The Centers for Disease Control and Prevention has declared firearm violence “a serious public health problem that impacts the health and safety of Americans.” Officials state there are important gaps in our knowledge about the problem and ways to prevent it. “Addressing the gaps is an important step toward keeping individuals, families, schools, and communities safe from firearm violence and its consequences.”
Firearm-related injuries are now the leading cause of death for children and adolescents in the United States, according to the New England Journal of Medicine. In 2023 there were 656 mass shootings, according to the Gun Violence Archive, an organization that tracks gun violence in the U.S. Those shootings resulted in the deaths of 42,959 people — 18,869 homicides, 24,090 by suicide.
Iowa is not immune from gun tragedies. Tragically, the University of Iowa was the fourth mass shooting on a college campus in 1991. Gun violence on school campuses continues to climb. Now, Iowa schoolchildren are targets — children who have been drilled in emergency procedures for gun violence since kindergarten are now graduating high school and college.
The Violent Crime Control and Law Enforcement Act of 1994 included an assault weapons ban. The act prohibited the manufacture or sale of semi-automatic weapons and banned magazines accommodating 10 rounds or more. The act automatically expired after 10 years, when Congress refused to renew the ban.
It was only a matter of time before tragedy revisited our state. The recent tragedy in Perry is on the hands of our state and federal lawmakers who refuse to act. A commitment to hold those accountable should not be limited to the shooter and thoughts and prayers are not enough. For too long, lawmakers have sided with the National Rifle Association and gun manufacturers, not American voters who have pressed for reasonable laws regarding firearms.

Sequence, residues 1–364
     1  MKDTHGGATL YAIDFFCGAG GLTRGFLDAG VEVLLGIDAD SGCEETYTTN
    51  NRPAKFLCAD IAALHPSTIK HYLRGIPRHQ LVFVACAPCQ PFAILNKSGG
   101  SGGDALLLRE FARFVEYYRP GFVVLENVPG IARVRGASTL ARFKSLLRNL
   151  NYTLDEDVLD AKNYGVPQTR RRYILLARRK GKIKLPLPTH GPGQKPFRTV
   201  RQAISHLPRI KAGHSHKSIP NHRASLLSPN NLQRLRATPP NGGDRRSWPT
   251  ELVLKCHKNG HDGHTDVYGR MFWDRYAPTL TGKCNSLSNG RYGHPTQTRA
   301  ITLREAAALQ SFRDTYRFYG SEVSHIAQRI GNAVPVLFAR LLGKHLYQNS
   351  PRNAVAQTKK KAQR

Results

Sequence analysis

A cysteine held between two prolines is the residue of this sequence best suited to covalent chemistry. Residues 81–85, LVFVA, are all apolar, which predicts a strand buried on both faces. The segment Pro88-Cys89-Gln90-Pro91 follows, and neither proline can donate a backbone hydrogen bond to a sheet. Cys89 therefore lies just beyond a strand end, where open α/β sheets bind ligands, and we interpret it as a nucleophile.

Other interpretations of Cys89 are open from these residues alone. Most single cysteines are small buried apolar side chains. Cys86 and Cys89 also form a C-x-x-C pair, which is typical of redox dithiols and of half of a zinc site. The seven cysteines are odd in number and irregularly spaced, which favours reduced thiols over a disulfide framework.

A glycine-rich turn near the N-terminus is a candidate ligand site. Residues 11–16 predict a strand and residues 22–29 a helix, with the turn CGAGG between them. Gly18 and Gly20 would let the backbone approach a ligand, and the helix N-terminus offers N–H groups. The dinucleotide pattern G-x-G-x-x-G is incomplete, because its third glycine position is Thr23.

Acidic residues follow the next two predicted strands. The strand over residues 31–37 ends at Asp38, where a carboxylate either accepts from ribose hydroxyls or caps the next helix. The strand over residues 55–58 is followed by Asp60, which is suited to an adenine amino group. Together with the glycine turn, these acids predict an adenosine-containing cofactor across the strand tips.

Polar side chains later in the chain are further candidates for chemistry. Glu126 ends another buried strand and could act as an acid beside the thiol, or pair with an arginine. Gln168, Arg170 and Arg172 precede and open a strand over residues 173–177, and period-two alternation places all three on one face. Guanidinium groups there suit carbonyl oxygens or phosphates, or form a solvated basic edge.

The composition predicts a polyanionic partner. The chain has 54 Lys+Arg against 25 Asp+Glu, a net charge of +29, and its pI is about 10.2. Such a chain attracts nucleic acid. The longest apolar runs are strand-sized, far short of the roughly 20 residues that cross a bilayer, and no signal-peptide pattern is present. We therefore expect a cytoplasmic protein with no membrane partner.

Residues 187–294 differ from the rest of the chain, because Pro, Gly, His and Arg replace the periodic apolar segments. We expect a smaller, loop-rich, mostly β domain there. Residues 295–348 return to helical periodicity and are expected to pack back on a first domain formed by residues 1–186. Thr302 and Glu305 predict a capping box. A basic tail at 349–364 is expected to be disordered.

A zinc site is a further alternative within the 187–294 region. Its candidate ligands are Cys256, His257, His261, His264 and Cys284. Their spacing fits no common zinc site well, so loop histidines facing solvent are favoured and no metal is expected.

Instead of restricting the use of automatic assault weapons just last year, Iowa lawmakers authorized hunters to use semi-automatic weapons including AR-15 rifles to hunt deer during a newly created antlerless season.
Americans worry about being murdered by gun violence. Today, that worry has become if you survive one mass shooting that you may be the victim of a second.
The League of Women Voters doesn’t advocate removing the Second Amendment. The history of firearm regulation is lengthy and fraught with politics. A law incorporating these five steps can be taken to make Americans safer and reduce deaths and injuries.
- Require criminal background checks for gun sales. Background checks are the only systematic way to stop felons, domestic abusers, and other dangerous people from buying firearms. Current federal law only requires background checks for gun sales at licensed dealers.
- an estimated 1 in 5 gun transfers take place without going through a licensed dealer; these occur online and at gun shows.
- 90% of the public, and three-quarters of NRA members, favor background checks.
- Ban assault weapons and high-capacity magazines. Military-style assault weapons and high-capacity ammunition magazines are designed to kill large numbers of people quickly and should be limited to military operations — not civilians.
- Make gun trafficking a federal crime. Every year, tens of thousands of guns find their way into the hands of criminals through illegal trafficking channels.
- Eliminate loopholes that allow convicted stalkers and domestic abusers access to guns.
- Fund the Centers for Disease Control and Prevention to research gun violence issues.
The League urges lawmakers to take action before the plague of gun violence increases in the Hawkeye state and more Iowans are killed or maimed.
Terese Grant and Holly Oppelt are co-presidents of the League of Women Voters of Iowa.